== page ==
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Review of the Lars Mlekusch mouthpieces for plastic Legere reeds

Sep 30

By our correspondent, Ties Mellema of the Amstel Quartet

In 2011 I received an email from saxophonist Lars Mlekusch that his new mouthpieces were released and produced by Playnick. I try a lot of new mouthpieces that come out, but this one caught my special interest right from the beginning. The mouthpiece is produced especially for Legere plastic reeds! Some years ago I tried Legere plastic reeds and this was the first time I actually felt that plastic reeds could be the future, in my lifetime. But they weren't quite there yet, from my standpoint at least (please put this last remark after every opinion you read below :-)

When Mr. Mlekusch announced his new ML1 and ML2 mouthpieces I was very excited. Could this mouthpiece be the missing link? Could this mean no more hassle with wooden reeds anymore?! I'd give a lot to have to miss the troubles of dealing with wooden reeds.
Mr. Mlekusch is an excellent player himself. If anyone could design such a mouthpiece and endorse it, it would be him.
I replied to the email and tried to order some samples at Playnick. This took some time, and I heard nothing anymore. Apparantly, I heard from somebody else, they had to wait for a new batch of Legere reeds. But after some months I decided to email again. Now somebody else emailed me back and some weeks later I had the package in the mail, with some Legere reeds in different strenghts. When they get around to do it, they do it well!
Initially, I wanted to just go ahead and choose the best one from four mothpieces they send. So I started practicing on the best mouthpiece-reed combination I found. It was after my holidays so I figured I might as well play on a different set up because I had to get back in shape anyway. And I remember the revelation when I played my friend's and colleague's, Gordan Tudor, LM1 when I was in Croatia: that was a great moutpiece reed combination. The sound was a bit flat and somewhat uninspiring. But I remember myself having the same opinion about the AL3 and not using the first two years after I bought it. When I actually started practicing on it within some months I found my own sound again on the AL3. Which was worth it, the AL3 makes my life so much easier now: more good reeds, better legato, easier articulation (except for staccato, that's harder) and intonation.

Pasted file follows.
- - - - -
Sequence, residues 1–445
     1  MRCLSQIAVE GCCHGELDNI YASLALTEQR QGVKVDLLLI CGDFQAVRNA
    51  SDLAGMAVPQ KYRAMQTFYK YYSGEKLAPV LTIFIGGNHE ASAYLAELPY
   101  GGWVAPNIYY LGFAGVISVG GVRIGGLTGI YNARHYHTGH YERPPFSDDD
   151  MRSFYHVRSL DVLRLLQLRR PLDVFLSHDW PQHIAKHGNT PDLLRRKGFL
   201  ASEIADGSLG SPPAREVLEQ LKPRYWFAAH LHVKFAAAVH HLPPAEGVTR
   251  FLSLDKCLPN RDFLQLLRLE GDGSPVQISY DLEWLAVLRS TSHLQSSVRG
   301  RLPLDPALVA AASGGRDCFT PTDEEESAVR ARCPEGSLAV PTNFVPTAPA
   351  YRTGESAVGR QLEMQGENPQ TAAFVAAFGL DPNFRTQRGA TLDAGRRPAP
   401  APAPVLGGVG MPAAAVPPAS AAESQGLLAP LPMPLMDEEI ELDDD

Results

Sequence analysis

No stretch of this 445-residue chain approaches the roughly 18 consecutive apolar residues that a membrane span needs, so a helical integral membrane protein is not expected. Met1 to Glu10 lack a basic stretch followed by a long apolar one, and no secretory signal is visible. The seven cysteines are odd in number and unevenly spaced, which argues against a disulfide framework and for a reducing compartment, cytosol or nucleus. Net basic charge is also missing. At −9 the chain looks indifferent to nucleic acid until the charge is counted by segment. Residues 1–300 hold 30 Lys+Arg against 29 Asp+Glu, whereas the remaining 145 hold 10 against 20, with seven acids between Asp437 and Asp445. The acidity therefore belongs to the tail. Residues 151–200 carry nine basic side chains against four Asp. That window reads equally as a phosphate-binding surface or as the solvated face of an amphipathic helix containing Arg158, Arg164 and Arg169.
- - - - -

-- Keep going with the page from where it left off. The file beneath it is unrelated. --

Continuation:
Well, to not make this a review about the AL3: after some days of practicing on the LM1 with 2 3/4 reeds in August I decided to go back to my own set up for my upcoming solo concert. This was quite a disappointment... But I couldn't do it. First of all, There are very large differences between the mouthpieces, probably due to the type of production (this is the same with Selmer, because of the production process, all the mouthpieces they make are very different, which can be an advantage!), as opposed to Vandoren, which is more constant in quality. I am sure Mr. Tudor's mouthpiece was much better (for me) and this was what I was expecting. I had an important solo recital coming up the next week and in spite of my wish to play this on the LM1 with plastic reeds, I had to go back.
I had my students try the samples and now one student plays the LM1 with 2 3/4 reeds and he sounds great on it, better than on his AL3. But for me, the LM1 (the samples I received from Playnick!) were too flat in sound. I guess they passed the border of giving up 'personality' and 'character' (like I felt I had to do with the AL3) to be able to play more easy.

I hope Mr. Mlekusch will keep developing these mouthpieces and listen to feedback. As well as Legere. I will not hesitate a minute when the time is there to switch to plastic reeds. And it will be within my lifetime! Reed my lips :-)

 

Lars Mlekusch plays Hiroyuki Itoh: The Angel of Despair II